While reading John Eliot Gardiner’s Music in the Castle of Heaven — A Portrait of Johann Sebastian Bach I had to stop at this description (in this book) of the elusiveness of the present moment by Milan Kundera (The Art of the Novel — 1986):
There would seem to be nothing more obvious, more tangible and palpable than the present moment. And yet it eludes us completely. All the sadness of life lies in that fact. In the course of a single second, our senses of sight, of hearing, of smell, register (knowingly or not) a swarm of events and a parade of sensations and ideas passes through our head. Each instant represents a little universe, irrevocably forgotten in the next instant.
I believe that in a few cases I have been able to escape that with my Filipino titanium Timex (purchased in the middle 80s). Perhaps it’s all in my imagination but every once in a while when I stare at it in my bath I notice that the second hand stops for a bit (and I would swear it goes backwards). I am sure that the moment for me stops, too. My watch somehow stops time very much like Greek gods can mingle around people who do not notice them as they move at a different frequency of time.
Smelling an English Rose, one of the last ones of the season I get this immediate impression that the scent, fades immediately but my memory goes forward (not backwards) into next year’s June when that rose will charm me again.
A moment can seemingly last forever if it is a boring high school class before the lunch period. In fact my religion teacher, Brother Edwin Reggio, C.S.C.. bacl in the late 50s at St Edward’s High School in Ausitin, told us that it was no different for souls (not quite damned) waiting in limbo for that moment of release. Will a bell ring when the gates of limbo are opened? I cannot agree with Kundera that my nose in that late in the year rose is irrevocably forgotten. After all that is what our memory is all about. I know that I can brush my female cat’s coat, she hates it and snarls at me, and yet once the torture is over she will sit on my lap in all sweetness. Is this a Kundera moment for my Plata? Or is it a case of feline forgiveness?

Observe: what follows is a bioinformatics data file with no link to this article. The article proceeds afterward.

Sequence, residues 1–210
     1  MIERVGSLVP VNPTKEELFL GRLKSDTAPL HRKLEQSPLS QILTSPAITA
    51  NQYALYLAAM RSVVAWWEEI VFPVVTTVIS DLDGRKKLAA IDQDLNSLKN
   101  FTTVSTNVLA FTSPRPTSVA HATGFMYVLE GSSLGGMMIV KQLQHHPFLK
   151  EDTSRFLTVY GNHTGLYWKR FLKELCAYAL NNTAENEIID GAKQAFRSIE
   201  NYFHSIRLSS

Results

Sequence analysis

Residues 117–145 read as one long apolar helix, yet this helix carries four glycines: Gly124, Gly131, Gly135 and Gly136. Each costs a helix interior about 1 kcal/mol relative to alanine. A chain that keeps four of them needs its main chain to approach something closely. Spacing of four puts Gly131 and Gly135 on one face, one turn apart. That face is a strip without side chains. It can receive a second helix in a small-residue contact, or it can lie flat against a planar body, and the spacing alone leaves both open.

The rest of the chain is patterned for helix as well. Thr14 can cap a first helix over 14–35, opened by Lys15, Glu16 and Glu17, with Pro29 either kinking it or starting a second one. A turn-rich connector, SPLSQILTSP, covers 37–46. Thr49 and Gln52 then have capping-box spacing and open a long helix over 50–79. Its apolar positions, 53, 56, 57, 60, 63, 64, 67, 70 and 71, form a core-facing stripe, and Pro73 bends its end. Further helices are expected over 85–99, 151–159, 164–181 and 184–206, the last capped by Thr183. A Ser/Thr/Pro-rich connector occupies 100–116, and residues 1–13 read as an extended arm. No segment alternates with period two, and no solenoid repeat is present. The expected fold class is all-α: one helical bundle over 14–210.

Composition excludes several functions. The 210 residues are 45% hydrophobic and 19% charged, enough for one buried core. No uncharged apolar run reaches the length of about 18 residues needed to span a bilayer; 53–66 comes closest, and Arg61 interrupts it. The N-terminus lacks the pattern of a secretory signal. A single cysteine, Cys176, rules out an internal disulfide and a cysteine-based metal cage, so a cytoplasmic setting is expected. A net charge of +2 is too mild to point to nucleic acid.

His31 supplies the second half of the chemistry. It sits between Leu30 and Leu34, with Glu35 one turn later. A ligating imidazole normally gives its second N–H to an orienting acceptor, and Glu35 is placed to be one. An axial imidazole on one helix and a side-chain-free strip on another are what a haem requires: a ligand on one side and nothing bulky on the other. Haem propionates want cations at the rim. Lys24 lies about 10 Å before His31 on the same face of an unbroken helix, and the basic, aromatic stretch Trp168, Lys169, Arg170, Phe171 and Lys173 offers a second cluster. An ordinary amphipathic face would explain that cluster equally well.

I don’t think that moment, or any moment that is noted, is irrevocably lost. Those good instances become laced in rosiness as time passes them by. I don’t think it has anything to do with forgetfulness but more our ability to weigh the good and the bad of the moment and simply discard the bad and keep the good.
I remember being a 29-year-old professor of Spanish at the Universidad Iberoamericana in Mexico City. It was run by Jesuits and I taught foreign students, mostly American women a bit of grammar, history and literature. I was not uncommonly handsome but some of them might have thought I was at least pleasant to look at. I seemed younger than my 29 year. One of my most pleasant moments was to show up on the first day of class, early. I would sit in the back of the class. The class would think I was just another student. Then they would talk about me, mostly nice things. It was fun. It was almost my idea of being present at my funeral looking in on the proceedings from the ceiling on the congregation and the stiff in the open casket.
You can imagine the surprise and the blushes when I went forward, turned around and said, “Buenos días, soy su profesor, el Señor Hayward.”
That moment cannot be irrevocably lost. It is up front in my head and I smile every time I think about it. Of the loss I felt when my father died and when my mother died, it would seem that our body’s sense of self-preservation helps us forget the anguish of those moments and helps us move forward to the new.
But of late, for almost two months, we (my wife and I) have learned to cope with living for every moment without knowing what the next one will bring. The shock of every one of those moments appears to me to be similar in nature to that of my time-stopping Timex. You see we have our 17 year old granddaughter living with us.
You would think that those moments of having teenage daughters (we had two) at home would be receding in our memory and almost (not quite!) becoming more rosy with the forgiveness of time and forgetfulness — but no. We have a teenager in our midst and every moment is loud and clear (like the accidental scratching of chalk on a blackboard). Every moment somehow brings with it an echo. Can time have an echo? Can time, present time, be extended in the same way as sound carries across the North Rim of the Grand Canyon? If that were true, as we physically age with the tension of having our old-age routine suddenly turned up-side down, we just might experience the pleasures of an extended, almost youthful present.
Originally published at blog.alexwaterhousehayward.com.